FIFTH STEP: Wrapping your brisket. This is one of the most crucial steps, in my opinion, to achieving that super juicy tender brisket with that killer dark caramelized bark. Opinions differ between using foil and peach butcher paper, but I am fully converted to the butcher paper after years of using foil. My briskets have never had a better smoke flavor and a more delicious bark. I’ll never go back to foil! You can pick up peach butcher paper at your restaurant supply store or on Amazon HERE. The brisket gets wrapped up like a present, folding edge over edge until it is fully sealed. Return the brisket to your smoker with the folded edges down and continue on at 225 degrees F until the internal temperature of your brisket reaches 202 degrees F at the thickest part (make sure your thermometer is in meat, not fat). This step varies in time, but can take anywhere from 5-8 hours. I usually plan an extra 2 hours for each of my brisket cooks because if it is done early, I can always set it in a cooler and hold it for a while during the next step, if it is done late my husband gets hangry.
SIXTH STEP: Resting your brisket. DO. NOT. SKIP. THIS. STEP. Resting your brisket allows so many of those hot and bubbly juices to settle down a little and redistribute to the meat. It also brings your brisket down to perfect slicing and serving temperature. Just leave it in the butcher paper and let it relax while everybody sets the table and pours some drinks.
LAST STEP: Slicing your brisket. Again, I have a full post about slicing your brisket HERE. It is so detailed, really. You want to slice your brisket against the grain for maximum tenderness, but remember, there are two overlapping muscles and two different grain directions. I split the point and flat sections and slice each individually against the grain before serving.
OK REALLY THE LAST STEP: Serving your brisket. In Texas joints when you order, you can request fatty or lean brisket. The fatty is the point and the lean is the flat. I like to tell my guests which slices are which so they can pick their favorite. The fatty is my personal preference, but I always grab a slice of the lean too because it has such an amazing smoke flavor! For an even more traditional experience, serve on a platter with more butcher paper, lots of pickles, white bread, and pickled jalapenos.
- 1 12-14 pound whole packer brisket
- 2 Tablespoons coarse Kosher salt
- 2 Tablespoons coarse ground black pepper
- 2 Tablespoons garlic powder
Store your brisket in the refrigerator until you are ready to start trimming. Cold briskets are much easier to work with. Flip your brisket over so the point end is underneath. Remove any silver skin or excess fat from the flat muscle. Trim down the large crescent moon shaped fat section until it is a smooth transition between the point and the flat. Trim and excessive or loose meat and fat from the point. Square the edges and ends of the flat. Flip the brisket over and trim the top fat cap to about 1/4 of an inch thickness across the surface of the brisket.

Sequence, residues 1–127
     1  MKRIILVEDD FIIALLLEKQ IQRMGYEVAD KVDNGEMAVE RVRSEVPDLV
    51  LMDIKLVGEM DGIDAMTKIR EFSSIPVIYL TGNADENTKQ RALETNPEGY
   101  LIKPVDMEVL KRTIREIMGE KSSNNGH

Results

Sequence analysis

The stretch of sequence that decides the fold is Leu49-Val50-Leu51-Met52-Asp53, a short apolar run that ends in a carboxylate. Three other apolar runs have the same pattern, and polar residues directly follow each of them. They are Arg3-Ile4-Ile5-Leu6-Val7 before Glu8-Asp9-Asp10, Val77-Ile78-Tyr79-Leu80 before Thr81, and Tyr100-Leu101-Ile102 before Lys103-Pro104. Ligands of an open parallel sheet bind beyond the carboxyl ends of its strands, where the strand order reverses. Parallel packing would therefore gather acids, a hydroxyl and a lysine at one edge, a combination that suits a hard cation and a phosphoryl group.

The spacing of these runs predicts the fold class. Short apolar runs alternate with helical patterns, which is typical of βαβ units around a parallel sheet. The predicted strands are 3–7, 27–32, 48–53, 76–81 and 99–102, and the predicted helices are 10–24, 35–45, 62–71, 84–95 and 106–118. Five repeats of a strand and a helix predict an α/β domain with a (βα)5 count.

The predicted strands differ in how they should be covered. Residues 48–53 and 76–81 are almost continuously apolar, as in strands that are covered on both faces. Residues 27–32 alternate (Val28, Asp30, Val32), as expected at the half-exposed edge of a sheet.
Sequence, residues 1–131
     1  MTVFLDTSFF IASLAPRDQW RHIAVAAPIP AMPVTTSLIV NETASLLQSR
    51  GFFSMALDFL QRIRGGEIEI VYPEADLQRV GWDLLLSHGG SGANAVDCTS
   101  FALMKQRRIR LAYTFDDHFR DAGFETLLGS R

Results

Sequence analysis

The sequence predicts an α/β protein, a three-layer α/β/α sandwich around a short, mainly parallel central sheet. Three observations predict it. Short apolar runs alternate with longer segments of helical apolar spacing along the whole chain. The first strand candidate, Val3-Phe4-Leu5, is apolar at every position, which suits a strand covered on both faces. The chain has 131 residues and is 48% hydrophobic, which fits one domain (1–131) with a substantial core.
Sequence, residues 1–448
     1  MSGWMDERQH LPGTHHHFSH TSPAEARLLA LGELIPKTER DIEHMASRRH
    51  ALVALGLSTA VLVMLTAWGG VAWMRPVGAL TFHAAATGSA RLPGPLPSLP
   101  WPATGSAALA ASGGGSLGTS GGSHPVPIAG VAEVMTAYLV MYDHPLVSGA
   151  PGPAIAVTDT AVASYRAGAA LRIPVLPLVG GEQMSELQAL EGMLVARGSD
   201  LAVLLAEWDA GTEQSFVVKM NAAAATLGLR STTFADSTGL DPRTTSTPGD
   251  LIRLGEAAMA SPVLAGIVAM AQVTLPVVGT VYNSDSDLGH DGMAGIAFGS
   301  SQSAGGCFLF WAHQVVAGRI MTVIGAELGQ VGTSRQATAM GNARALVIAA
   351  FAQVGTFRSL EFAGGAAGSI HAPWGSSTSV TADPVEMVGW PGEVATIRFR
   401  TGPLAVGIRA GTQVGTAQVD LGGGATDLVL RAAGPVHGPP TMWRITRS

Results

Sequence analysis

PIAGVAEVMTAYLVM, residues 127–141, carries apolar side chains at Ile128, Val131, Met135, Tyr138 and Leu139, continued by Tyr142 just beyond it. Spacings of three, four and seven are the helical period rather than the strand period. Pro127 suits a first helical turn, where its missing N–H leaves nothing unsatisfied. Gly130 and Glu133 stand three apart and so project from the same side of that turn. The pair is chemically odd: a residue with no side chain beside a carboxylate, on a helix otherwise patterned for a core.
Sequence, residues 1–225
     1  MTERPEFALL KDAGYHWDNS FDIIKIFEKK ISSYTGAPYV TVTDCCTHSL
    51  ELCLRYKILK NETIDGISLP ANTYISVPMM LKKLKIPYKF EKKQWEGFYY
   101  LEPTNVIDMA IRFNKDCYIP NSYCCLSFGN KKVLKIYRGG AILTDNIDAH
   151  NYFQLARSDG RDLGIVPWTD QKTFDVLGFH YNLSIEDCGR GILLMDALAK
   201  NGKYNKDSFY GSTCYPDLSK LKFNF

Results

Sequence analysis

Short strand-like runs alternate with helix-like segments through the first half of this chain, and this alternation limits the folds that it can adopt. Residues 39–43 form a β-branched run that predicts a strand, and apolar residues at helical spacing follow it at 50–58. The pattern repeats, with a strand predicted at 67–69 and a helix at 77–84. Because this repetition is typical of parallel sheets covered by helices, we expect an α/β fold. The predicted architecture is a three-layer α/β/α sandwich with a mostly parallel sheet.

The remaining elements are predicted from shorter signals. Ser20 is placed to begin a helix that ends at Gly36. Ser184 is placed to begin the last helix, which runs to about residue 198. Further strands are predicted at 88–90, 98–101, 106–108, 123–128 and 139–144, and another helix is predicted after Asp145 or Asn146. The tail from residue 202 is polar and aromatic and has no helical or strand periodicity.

In a mixing bowl or empty spice container, mix the salt, pepper, and garlic. Share over the brisket to evenly distribute the spices on all sides.
Preheat your smoker to 225 degrees F using indirect heat and hardwood smoke. Place the brisket on the smoker with the point end facing your main heat source. This is a thicker part of the brisket and it can handle the additional heat. Close the lid and smoke until and internal thermometer reads 165 degrees F (usually takes around 8 hours).
On a large work surface, roll out a big piece of butcher paper (or foil) and center your brisket in the middle. Wrap the brisket by folding edge over edge, creating a leak proof seal all the way around. Return the wrapped brisket to the smoker, seam side down so the weight from the brisket crimps the edges of the paper wrap down tight.
Close the lid on the smoker and, maintaining 225 degrees F, continue cooking until the internal temperature of the brisket reaches 202 degrees F in the thickest part of the meat (takes anywhere from 5-8 hours).
Remove the brisket to a large cutting board and allow to rest for 1 hour before slicing. Slice both the point and the flat against the grain with a sharp knife and serve immediately.